Labour inflexibility in Europe is deterring companies from exploiting European science, forcing them to set up shop elsewhere in the world, industry leaders warned in Brussels today, at the annual meeting of Photonics21.
The meeting, which was organised by the European Photonics Institute, also heard criticisms that there was too much emphasis, by both national governments and the European Commission, on basic science and not enough on developing the fruits of science through to a level at which commercial products were possible. A general lack of understanding of how societies generate wealth was also raised as an issue.
Speaking at the panel discussion, Made by light: fostering economic growth in Europe, Giorgio Anania, co-founder and CEO of LED technology company Aledia, said: ‘European governments insist on labour inflexibility. It’s easier to get staff to move from Malaysia to France than Germany to France.’ Anania also criticised governments for ‘putting its money into the past’, a reference to subsidised industries such as farming.
Also on the panel were Anne Glover, chief scientific adviser to the European Commission president José Manuel Barroso; Khalil Rouhana, director of the EC’s Connect directorate; and Jenoptik CEO and new Photonics21 president, Michael Mertin.
Mertin agreed with Anania. He said: ‘You have all this bashing of management in Europe. Inflexibility of labour in Europe is one of the biggest issues. De-regulation is needed, not only at the European level but the national level too; most labour laws are at the national level. If not, the money will be invested somewhere else.’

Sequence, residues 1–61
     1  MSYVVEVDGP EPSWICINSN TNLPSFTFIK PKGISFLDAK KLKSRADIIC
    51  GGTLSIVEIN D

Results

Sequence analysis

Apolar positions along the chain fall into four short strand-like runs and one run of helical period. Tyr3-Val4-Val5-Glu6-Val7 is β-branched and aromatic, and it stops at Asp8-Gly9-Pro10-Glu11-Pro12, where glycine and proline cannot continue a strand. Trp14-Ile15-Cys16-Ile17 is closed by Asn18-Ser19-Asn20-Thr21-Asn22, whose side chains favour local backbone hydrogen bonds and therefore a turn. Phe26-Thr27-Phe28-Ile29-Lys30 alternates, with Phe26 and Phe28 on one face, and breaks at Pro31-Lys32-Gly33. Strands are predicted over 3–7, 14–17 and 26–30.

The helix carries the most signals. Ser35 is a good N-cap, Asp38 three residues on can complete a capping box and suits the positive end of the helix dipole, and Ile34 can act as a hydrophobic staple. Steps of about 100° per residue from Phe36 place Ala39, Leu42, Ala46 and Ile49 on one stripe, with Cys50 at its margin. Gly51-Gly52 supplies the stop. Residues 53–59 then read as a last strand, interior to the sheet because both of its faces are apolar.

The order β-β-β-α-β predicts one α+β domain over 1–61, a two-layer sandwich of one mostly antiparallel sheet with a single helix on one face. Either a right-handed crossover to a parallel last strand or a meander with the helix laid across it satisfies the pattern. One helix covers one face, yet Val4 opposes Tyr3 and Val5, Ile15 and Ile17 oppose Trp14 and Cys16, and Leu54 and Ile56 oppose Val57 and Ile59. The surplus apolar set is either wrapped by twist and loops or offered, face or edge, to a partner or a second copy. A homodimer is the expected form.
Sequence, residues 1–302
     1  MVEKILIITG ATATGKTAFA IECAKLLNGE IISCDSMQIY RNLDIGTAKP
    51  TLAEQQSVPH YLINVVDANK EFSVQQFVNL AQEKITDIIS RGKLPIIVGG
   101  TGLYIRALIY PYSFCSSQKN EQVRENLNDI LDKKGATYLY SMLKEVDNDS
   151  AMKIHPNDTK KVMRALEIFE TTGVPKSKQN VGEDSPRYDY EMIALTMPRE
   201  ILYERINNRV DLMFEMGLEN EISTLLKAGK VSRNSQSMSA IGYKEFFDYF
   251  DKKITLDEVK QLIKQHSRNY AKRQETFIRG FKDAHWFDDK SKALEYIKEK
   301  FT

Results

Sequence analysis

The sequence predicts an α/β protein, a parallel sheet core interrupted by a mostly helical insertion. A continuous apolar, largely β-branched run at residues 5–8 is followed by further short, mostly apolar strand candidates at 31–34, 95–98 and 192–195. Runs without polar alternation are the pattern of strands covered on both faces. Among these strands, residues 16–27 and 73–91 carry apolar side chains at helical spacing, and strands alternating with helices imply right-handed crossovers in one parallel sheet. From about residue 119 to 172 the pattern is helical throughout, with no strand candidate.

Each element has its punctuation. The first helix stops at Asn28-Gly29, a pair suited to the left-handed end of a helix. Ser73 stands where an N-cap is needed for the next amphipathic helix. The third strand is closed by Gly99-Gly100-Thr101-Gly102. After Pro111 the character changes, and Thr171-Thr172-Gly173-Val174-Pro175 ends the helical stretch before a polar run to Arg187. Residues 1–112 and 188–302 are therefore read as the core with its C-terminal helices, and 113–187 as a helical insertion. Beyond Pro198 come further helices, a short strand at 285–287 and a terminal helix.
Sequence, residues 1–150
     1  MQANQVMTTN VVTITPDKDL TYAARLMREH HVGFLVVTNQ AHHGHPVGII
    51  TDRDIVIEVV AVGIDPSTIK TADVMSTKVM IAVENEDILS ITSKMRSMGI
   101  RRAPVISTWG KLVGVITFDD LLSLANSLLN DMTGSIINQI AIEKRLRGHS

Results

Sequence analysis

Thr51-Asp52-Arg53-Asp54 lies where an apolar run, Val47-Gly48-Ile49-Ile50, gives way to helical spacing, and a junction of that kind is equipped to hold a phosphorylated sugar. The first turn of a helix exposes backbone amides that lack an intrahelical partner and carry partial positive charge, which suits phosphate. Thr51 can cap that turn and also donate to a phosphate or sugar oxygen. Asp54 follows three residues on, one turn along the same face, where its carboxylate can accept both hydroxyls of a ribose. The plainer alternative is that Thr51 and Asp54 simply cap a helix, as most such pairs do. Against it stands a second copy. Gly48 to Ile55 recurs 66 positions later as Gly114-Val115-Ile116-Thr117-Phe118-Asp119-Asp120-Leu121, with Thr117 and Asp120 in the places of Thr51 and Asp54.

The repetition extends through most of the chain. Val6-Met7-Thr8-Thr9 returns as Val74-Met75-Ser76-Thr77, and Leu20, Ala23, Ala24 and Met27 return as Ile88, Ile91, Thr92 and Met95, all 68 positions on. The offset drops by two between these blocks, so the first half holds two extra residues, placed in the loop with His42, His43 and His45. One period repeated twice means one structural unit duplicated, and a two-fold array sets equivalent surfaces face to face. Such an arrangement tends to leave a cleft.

Asked about what the European Commission can do, Glover said that the approach was generally one rule in and one rule out, but she thought it would be more ambitious if it was two or three rules out for every new rule.
Mertin spoke positively about what the planned public-private partnership between the European Union and industry could achieve, adding: ‘We have this "valley of death" in the middle. Most research programmes have focused on basic research or on direct production-orientated subsidies. What we must do now is spend the money in that middle [area]. It is absolutely necessary. Innovation is about taking the knowledge to make money.’
Anania also praised the EC for the move to an R&D focus on key enabling technologies. Europe was now trying to bridge that "valley of death" and, he said: 'We have to make decisions and make market-related decisions. For me that’s huge.’